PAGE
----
shrinking our brains to fit

Daily Mail showbiz binges


Britain, you ignore the majority

You inflate our education

you'd rather focus on Will and Kate

To unify the nation


Yes Kate, the fair 'commoner'

is now public property

Her smile now frozen

with PR instructed deity


Her marriage with the media

will last till death do her part

She's being wheeled out, exhibited

'She got Diana's heart'


dear Britain, your MPs make cuts

on expense bought pedestals

They communicate in “rars” and “roars”

but treat us all like fools


Yellow politicians do nothing

but make up the numbers

blue winds blow hard

sending socialism to its slumber


dear Britain, times get tougher

You bring scapegoats to the slaughter

'It's me, it's you,

the foreigner and his daughter'


The refugee searches for asylum

A safe place without screams

The single mother on benefit

scrapes by, by any means


So old Blighty, forgive me

but adjourning this trial would be absurd

This 'age of austerity' has gone to your head

Your moral standing has become blurred


Dear Blighty, your system is full of loopholes

We're drowning in your debt

Britain, land of hope and glory

We've not seen true justice from you yet.


Sunday, 10 April 2011

Veena Malik, culture and dishonour

by Chitra Nagarajan

Veena Malik is a Pakistani actress who appeared on Indian reality show Bigg Boss (similar to Celebrity Big Brother) in October 2010. During the first week of the show, Shiv Sena (a right wing Hindu nationalist political party) activists protested the inclusion of Pakistani housemates in the show.

On her return to Pakistan, a case was filed against her for committing 'immoral' and 'un-Islamic acts' in a court in Lahore.

She appeared on Front Line, to talk about her experiences on the TV show. She was questioned by the host Kamran Shahid and mufti Abdul Qavi whether she had 'brought Pakistani culture into disrepute' by going to India, her clothing and her behaviour. She has received death threats as a result of this interview.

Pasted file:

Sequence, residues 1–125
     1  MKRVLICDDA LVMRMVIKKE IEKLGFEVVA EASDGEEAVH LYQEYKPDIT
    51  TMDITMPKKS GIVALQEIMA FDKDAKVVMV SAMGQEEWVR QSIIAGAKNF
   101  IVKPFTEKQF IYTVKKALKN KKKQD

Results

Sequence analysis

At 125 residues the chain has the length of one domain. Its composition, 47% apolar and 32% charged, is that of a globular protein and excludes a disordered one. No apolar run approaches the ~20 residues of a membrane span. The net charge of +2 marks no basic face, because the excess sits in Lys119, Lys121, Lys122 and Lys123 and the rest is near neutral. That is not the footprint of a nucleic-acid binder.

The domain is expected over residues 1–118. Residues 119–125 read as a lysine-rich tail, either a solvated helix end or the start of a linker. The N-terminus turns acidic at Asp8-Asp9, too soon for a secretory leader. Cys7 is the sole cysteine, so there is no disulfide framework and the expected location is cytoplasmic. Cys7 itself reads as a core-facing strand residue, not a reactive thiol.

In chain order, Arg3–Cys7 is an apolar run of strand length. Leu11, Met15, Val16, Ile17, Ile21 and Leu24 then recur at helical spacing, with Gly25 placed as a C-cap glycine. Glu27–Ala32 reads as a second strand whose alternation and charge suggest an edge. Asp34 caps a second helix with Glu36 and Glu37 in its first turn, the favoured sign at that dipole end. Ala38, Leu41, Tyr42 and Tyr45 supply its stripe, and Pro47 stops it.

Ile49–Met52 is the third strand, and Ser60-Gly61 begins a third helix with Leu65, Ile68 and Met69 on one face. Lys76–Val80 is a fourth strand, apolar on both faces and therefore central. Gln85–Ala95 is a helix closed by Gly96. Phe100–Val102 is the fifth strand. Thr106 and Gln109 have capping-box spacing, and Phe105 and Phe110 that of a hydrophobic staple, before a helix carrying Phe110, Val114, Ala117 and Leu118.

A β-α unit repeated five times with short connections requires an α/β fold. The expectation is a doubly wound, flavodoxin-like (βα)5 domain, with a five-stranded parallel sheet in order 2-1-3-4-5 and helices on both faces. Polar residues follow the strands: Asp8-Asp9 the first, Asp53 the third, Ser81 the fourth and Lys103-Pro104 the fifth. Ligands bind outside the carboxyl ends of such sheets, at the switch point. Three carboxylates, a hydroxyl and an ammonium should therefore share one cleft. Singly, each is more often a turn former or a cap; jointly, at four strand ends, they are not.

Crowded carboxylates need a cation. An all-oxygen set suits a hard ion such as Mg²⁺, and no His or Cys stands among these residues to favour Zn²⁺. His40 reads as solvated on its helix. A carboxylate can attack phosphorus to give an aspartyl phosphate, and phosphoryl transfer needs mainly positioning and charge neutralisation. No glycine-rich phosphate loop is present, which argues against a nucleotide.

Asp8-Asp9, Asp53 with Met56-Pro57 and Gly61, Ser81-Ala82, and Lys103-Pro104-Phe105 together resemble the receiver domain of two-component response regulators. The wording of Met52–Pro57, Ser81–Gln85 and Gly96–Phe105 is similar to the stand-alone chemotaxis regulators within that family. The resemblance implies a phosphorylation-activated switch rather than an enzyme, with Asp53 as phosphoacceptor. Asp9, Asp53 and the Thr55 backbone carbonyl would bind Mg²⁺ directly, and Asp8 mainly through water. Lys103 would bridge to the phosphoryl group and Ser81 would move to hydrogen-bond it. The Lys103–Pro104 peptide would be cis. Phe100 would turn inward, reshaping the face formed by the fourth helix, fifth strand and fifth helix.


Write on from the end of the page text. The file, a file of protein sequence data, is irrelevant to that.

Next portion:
Sunday, 3 April 2011

This Pen

by Jeni Hallam

With this pen, I will re-write history
Write history again
Ink and cursive flowing from my pen
I will re-write lessons from sad stories
And illustrate a world right before me
Which is painted in the colour of a future that's bright
Freakin' ultraviolet in fact!
And I will fly closer to the Sun that dear Icarus,
With not even a singed tip or tanned shoulder,
I'm not immortal, just bolder
And now that I'm older I will relinquish
My grip on my bucket of bitterness
And let it clatter to the ground spilling
Tears of betrayal, pain and harsh truths
And where I once used salty tears to lick wounds
I will sew stitches with golden thread and diamond tools
Mop my brow with liberty and wash my face in forgiveness' pools
Rise from the ashes with golden wings
Fire burning in my pen
So let me re-write my history
I am not that product of colonialism
A bastard of an unholy alliance
Born of the blood of slaves and the sweat of injustice
I am not lighter than a paper bag, neither does a pencil stay stuck in my hair
And still it does not it fall
A pencil never has been, never will be there
There was no fat mammy in my history, yessuh, naw-uh ma'am,
And I have never been and never will be, infact, never will you see
Your light skin temptress
swinging my hips to your tune of desire
No Creole Lady Marmalade
No whimpering black victim
Born of the hood and lived in
The corner of society, a pilgrim
Neither am I your token, or your passport to equality,
I am not a sign of diversity,
I am not the smiling black girl in the back of your government advert with an afro pom pom and white teeth
I echo India Arie, when I say I am not what my hair pertains to be;
Whether creamy crack slicked back, or stitches and tracks
I am beyond whatever you thought I stood for
Beyond whatever you think I will die for I am here,
I have lived
I am a story well-told, I am my words and my ink
I am my bond and my stamp
I am the here and the now and I am beyond
I reconfigure my existence with thought and with song
I am a history well-lived
I am a present given gift
I am a future, a twinkle, the horizon
Or simply,
The light, reflected off this fountain pen nib.